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Comparison Breeds Self-Aggression

“Comparison breeds self-aggression.”

I heard Tami Simon say that phrase during an interview. She was talking about social media. When we go out into the world and offer our talents, gifts, skills, and passions, it is a risk. Who does she think she is? What does he think he’s doing? Everybody knows you can’t do THAT.

The term I hear from younger people is “imposter syndrome.” While they aren’t the first generation to experience it, they gave it a name.

When we go on Facebook and see what people want us to know about them, most people’s lives look wonderful. Smiling travelers, beautiful food, sunsets, gatherings, and happy people. None of that is bad. It’s nice. And, when things aren’t going along perfectly, it can turn on us and we can wonder what we’re doing wrong?

Self-aggression is a strong phrase. We live in a very comparative culture. We worship celebrities and sports figures. They aren’t represented as real people. Most of us are doing the best we can to make a positive difference in the world by showing up and offering our talents, skills, and ourselves.

When I first started as a self-employed coach, I saw many articles in the coaching journals suggesting that “If you don’t make 6 figures, coaching is a hobby.” I wondered back then what that means. Is income the sole measurement of success and impact?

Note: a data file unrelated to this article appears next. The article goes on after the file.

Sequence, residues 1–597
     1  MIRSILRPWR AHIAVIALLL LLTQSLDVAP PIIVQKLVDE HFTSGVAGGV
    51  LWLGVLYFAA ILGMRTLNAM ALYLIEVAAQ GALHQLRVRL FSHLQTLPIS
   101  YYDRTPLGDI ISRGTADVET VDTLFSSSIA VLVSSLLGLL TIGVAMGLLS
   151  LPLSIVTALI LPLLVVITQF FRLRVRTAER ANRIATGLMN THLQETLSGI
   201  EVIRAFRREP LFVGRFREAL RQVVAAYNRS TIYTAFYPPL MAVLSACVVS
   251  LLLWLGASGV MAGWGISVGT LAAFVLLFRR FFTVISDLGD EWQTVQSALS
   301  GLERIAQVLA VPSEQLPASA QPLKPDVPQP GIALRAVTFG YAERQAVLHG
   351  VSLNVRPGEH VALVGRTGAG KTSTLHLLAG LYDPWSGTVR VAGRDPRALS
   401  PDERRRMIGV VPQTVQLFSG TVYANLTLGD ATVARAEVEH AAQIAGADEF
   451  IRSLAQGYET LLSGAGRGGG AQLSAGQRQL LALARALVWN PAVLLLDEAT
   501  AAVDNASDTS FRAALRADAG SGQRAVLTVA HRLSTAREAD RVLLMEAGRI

Tami Simon’s phrase came in the context of an interview with a brilliant Buddhist leadership coach. She works with the Institute for Compassionate Leadership. ICL serves to empower socially conscious, self-aware, and compassionate leaders by educating aspiring change-makers in meditation, community organizing, and 21st century leadership skills built for today's workplace environment.

I’m not promoting a specific approach to making a positive difference in the world. There are many powerful models of support in the coaching profession.

I am promoting the truth that we must continually do our own work within. Deep self-awareness isn’t for everyone. It takes commitment, practice, support, courage, and willingness. And, self-compassion.

Ewam Garden of a Thousand Buddhas. Arlee, Montana

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